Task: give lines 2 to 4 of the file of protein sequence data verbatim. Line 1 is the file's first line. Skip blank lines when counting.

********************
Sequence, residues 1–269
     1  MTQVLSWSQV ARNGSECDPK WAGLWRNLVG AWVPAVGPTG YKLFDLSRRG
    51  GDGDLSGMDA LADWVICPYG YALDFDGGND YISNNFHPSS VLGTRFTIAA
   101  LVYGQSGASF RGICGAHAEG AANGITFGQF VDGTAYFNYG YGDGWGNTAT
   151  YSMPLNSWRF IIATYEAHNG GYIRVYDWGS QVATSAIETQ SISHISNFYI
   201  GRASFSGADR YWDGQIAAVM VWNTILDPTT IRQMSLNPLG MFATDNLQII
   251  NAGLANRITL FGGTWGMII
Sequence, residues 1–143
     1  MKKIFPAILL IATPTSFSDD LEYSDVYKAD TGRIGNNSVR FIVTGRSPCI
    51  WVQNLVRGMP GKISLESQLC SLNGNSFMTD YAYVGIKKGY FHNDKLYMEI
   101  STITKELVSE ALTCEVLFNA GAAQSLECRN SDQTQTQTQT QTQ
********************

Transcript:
     1  MTQVLSWSQV ARNGSECDPK WAGLWRNLVG AWVPAVGPTG YKLFDLSRRG
    51  GDGDLSGMDA LADWVICPYG YALDFDGGND YISNNFHPSS VLGTRFTIAA
   101  LVYGQSGASF RGICGAHAEG AANGITFGQF VDGTAYFNYG YGDGWGNTAT